Armed with sound training, broken legs and sensible advice, I headed out to DC. We met for dinner with the Asha runner group. I soon discovered that there were many runners who had come down with injuries, I was not alone. We reassured and encouraged each other to tackle the distance one mile at a time.

Now comes the fun part. My friends and family had accompanied me. My personal cheering squad was seven-strong, Laukik, Kaushik, Sheela, Tejas, Veera, Kishan and Aarthi. After we checked into the hotel, they sat together and made detailed plans for buddy running with me. I was quite impressed by their meticulous plans but tried not to raise my hopes. Sheela was managing the show. She had made sure someone picked up my race packet when we got late reaching DC. She pinned the bib to my T-shirt, put the chip in my shoe and made me drink a gallon of water on Saturday :-S

Due to last minute plans, we didn't have enough sleeping arrangements. We ended up fitting 6 people cozily in a room that sleeps 4. I slept fitfully that night. Woke up at 4:15 am. Showered, dressed, had breakfast, answered nature's call, pampered the ITB, taped up my knees, slipped on the ankle support sleeve and stepped out to meet the runner group in the hotel lobby. We headed out together at about 6:15 am, took the metro to Rosslyn, deposited our stuff at the Asha tent and made our way to the start line. It was about 7:45 am by the time we reached the start line and the cannon gun went off for the wheelchair competitors. We walked towards the 5 hour finish time corral but it was way behind so we simply waited with the 4 hour finish group. Divya and I had planned to run the first few miles together. Padma joined us at the start line.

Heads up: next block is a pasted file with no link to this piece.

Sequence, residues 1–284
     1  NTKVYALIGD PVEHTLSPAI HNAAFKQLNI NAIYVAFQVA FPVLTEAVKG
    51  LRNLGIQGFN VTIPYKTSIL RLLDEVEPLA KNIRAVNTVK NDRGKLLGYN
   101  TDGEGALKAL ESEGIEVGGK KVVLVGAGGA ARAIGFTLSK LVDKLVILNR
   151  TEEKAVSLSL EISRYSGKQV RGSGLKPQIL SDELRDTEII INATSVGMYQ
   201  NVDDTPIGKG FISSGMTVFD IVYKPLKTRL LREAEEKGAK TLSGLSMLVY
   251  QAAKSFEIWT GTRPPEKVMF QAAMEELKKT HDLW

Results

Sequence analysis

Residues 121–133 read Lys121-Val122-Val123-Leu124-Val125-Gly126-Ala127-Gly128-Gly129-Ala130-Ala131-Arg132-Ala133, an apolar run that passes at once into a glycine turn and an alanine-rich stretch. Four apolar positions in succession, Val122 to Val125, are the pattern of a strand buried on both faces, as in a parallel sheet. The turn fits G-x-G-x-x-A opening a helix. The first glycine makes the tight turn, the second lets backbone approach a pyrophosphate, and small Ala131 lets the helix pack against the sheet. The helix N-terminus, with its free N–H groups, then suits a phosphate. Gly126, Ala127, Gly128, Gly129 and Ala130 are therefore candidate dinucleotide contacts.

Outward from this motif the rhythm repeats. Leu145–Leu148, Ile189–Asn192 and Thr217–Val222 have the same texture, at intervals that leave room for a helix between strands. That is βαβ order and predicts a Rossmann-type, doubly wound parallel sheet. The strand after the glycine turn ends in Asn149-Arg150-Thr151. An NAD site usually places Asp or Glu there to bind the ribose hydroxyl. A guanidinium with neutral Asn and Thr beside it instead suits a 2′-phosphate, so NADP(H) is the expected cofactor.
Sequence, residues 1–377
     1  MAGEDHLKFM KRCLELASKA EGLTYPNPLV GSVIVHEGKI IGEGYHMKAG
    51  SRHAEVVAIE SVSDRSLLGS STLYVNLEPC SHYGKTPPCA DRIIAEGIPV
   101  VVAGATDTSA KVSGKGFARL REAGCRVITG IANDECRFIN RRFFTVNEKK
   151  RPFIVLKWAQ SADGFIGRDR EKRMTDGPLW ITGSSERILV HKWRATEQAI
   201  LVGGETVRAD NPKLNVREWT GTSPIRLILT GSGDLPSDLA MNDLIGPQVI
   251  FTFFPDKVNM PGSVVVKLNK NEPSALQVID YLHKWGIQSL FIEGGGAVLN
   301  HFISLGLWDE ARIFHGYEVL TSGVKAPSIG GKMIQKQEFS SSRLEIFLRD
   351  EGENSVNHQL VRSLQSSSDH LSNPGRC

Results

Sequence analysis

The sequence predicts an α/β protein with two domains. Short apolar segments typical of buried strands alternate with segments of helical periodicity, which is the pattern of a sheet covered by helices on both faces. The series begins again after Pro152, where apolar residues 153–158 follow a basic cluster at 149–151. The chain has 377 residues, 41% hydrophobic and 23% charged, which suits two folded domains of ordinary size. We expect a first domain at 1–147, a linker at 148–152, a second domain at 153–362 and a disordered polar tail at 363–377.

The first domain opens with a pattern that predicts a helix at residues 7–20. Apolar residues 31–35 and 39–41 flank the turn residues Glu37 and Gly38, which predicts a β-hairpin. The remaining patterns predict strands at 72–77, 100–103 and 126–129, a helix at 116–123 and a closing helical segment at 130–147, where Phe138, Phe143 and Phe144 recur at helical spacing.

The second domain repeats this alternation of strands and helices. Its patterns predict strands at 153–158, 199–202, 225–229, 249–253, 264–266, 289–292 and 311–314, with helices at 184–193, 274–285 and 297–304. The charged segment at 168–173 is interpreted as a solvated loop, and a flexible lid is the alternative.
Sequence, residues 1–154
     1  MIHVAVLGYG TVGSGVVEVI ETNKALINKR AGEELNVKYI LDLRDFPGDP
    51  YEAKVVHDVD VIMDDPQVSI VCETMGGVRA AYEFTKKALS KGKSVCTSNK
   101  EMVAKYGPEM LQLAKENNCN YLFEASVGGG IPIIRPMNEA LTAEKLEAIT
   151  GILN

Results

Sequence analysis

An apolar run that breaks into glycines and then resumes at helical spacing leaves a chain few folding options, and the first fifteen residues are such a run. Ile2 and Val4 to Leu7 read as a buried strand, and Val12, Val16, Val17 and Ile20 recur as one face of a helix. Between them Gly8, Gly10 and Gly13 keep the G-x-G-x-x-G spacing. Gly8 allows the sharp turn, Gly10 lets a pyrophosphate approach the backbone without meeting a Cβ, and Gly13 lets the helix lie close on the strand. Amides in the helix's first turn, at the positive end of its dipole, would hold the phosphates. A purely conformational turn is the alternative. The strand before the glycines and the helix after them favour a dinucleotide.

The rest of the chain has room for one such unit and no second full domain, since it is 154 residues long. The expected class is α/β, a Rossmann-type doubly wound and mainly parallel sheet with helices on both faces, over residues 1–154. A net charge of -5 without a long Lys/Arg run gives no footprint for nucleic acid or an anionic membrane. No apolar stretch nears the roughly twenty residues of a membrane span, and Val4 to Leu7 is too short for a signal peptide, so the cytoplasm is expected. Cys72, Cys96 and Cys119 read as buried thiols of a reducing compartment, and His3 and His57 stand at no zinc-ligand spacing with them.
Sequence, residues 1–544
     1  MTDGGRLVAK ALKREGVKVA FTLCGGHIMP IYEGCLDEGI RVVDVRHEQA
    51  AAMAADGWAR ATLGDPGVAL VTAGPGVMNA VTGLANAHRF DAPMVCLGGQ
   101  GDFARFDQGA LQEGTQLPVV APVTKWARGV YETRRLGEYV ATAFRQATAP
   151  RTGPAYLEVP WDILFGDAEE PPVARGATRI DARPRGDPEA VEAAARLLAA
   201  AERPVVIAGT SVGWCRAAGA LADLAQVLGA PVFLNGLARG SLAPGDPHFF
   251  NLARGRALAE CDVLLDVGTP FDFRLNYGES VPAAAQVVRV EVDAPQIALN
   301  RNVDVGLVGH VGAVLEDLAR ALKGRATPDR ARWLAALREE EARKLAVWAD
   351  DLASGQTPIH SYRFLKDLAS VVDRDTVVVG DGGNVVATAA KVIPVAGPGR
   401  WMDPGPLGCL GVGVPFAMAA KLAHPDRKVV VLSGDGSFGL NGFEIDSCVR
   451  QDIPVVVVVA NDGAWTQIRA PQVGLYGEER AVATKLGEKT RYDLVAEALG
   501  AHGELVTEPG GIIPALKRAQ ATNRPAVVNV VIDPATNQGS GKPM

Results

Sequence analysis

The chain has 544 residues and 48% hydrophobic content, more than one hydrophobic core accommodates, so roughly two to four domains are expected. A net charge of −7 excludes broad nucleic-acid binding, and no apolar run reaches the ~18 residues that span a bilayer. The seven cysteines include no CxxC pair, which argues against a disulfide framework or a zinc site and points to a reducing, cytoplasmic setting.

At 8 am the gun went off again. We crossed the start line at 8:03 am. Started slow at a 14 mpm pace. Divya had a stop watch and was making sure we ran slowly and took timed walk breaks. The first 8 miles were through the woods and had a few hills, just like our familiar Central Park homeground. We met the Asha cheerers at mile 1, 5 and 9. I had written my name "SAM" on my T-shirt and random people were calling out "Go Sam!" I gave a big smile and a thumbs-up to all who cheered me on. I high-fived and low-fived everyone who held out their hand.